By John Toole firstname.lastname@example.org
---- — SALEM — A Salem transit company has won a $2.4 million contract from the state to provide van service from Manchester to Portsmouth over the next three years.
The deal will get Seacoast residents to Manchester-Boston Regional Airport as soon as next year, but also holds the promise of a commuter link among University of New Hampshire campuses and Amtrak’s Downeaster rail service, officials said.
Prices will be set later, but are expected to cost about $20 for a round-trip ticket from Portsmouth to the Manchester transit center or $38 to the airport, Flight Line president Jamie Dowd said yesterday.
The schedule likely will include 19 trips daily, bracketing the first and last flights out of the airport.
Passengers will travel aboard handicapped-accessible Mercedes vans that carry 10 to 11 passengers, depending on configuration.
The company plans to purchase five or six vans at a cost of $85,000 each, a total expense of about $500,000.
The contract with the state is federally funded and will help finance operating and marketing costs, said Patrick Herlihy, state director of aeronautics, rail and transit.
The contract runs through June 30, 2016.
“This is a public-private partnership,” Dowd said.
Herlihy said studies by the Southern New Hampshire and Rockingham County regional planning commissions recommended the service. The goal is for the service to become self-sufficient, he said.
“Ultimately, this will get people from the Seacoast to the airport,” Herlihy said.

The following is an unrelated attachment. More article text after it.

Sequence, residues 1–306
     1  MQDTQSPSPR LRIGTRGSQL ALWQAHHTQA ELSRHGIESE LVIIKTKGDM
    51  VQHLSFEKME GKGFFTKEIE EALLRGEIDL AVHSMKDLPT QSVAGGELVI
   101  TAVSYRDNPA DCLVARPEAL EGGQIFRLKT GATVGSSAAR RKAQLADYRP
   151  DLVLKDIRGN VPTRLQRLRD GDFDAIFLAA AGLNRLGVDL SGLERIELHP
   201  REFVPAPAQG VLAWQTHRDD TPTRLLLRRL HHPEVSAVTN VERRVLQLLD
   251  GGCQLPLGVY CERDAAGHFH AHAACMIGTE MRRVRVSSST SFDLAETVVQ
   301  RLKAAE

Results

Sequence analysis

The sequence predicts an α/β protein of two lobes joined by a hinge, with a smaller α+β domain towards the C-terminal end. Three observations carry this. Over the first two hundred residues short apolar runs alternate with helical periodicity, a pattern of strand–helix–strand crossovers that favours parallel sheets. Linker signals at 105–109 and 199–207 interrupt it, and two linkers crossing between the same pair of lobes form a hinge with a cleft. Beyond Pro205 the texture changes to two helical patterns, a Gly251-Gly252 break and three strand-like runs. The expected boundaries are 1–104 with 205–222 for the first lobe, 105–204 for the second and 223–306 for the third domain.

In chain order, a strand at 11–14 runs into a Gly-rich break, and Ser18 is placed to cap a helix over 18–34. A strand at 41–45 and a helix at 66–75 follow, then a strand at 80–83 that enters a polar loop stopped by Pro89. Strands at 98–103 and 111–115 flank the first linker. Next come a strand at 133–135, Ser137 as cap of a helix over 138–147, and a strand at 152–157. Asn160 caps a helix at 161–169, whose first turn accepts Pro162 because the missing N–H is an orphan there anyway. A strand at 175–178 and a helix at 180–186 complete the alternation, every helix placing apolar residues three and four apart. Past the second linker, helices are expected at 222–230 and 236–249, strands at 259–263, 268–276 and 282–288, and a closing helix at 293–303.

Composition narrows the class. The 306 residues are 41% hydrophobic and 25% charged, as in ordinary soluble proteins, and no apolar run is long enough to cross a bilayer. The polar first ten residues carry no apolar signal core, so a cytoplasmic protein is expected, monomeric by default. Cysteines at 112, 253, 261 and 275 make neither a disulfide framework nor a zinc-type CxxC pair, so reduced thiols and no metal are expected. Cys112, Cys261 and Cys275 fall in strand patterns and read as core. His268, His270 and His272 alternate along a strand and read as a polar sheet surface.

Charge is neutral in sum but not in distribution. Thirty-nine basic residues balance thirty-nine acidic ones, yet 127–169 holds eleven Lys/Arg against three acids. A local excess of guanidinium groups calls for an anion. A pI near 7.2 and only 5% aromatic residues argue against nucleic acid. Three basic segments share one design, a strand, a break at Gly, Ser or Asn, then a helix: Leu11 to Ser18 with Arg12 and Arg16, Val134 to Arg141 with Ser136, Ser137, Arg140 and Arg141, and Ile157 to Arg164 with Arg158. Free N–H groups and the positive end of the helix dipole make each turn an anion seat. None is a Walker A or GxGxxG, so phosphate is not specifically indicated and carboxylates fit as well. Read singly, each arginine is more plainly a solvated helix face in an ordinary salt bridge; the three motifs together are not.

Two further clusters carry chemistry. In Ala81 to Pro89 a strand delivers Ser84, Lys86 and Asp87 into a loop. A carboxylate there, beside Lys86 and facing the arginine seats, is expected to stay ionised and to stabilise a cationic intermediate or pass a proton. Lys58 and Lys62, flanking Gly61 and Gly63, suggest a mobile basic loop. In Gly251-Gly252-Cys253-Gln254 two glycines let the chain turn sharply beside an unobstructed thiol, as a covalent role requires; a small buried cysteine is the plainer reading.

But others are interested, too.
“We are very pleased to hear that east-west transit service on Route 101 between Portsmouth and Manchester has moved one step closer to startup,” said Stephen Pesci, UNH special projects director.
UNH has a long-term goal of working with transit companies and the state Department of Transportation to connect the campuses in Manchester, Durham and the law school in Concord with the Seacoast and central corridor of the state, he said.
Pesci and Dowd agree the service may yield commuter links to the Downeaster rail service, too.
“Hopefully, this will start to change the way people think about public transportation,” Dowd said. “There is a lot of exciting potential in linking existing operations.”
Officials at Manchester-Boston Regional Airport supported the move, Dowd said.
Assistant airport director Tom Malafronte said one of the biggest challenges the airport encounters is a need for regularly scheduled ground transportation in a rural state. When there is service, be it north-south or east-west, more people will look to fly out of the airport, he said.
“It can only benefit the airport,” Malafronte said.
Flight Line anticipates hiring eight or nine drivers and three office staffers.
Gov. John Lynch and the Executive Council approved the pact at the meeting yesterday in Concord.
DOT and Flight Line officials this week are discussing startup.
Flight Line Inc. already provides shuttle and van service to Logan Airport, Manchester-Boston Regional Airport, South Station in Boston and Black Falcon Cruise Terminal in Boston.
Flight Line was founded by Dowd’s father 25 years ago.
He said it does $2.5 million in business annually, moving 200 to 300 people daily in a fleet of 10-passenger Ford vans and in Volkswagen sport wagons that seat up to three passengers.
Dowd said the company employs 70 people, about 80 percent of them working full time.
The company estimates about 90 percent of riders pay a $29 fare from highway park-and-ride lots. Others pay $59 for a ride-sharing, door-to-door service or as much as $110 for a private ride.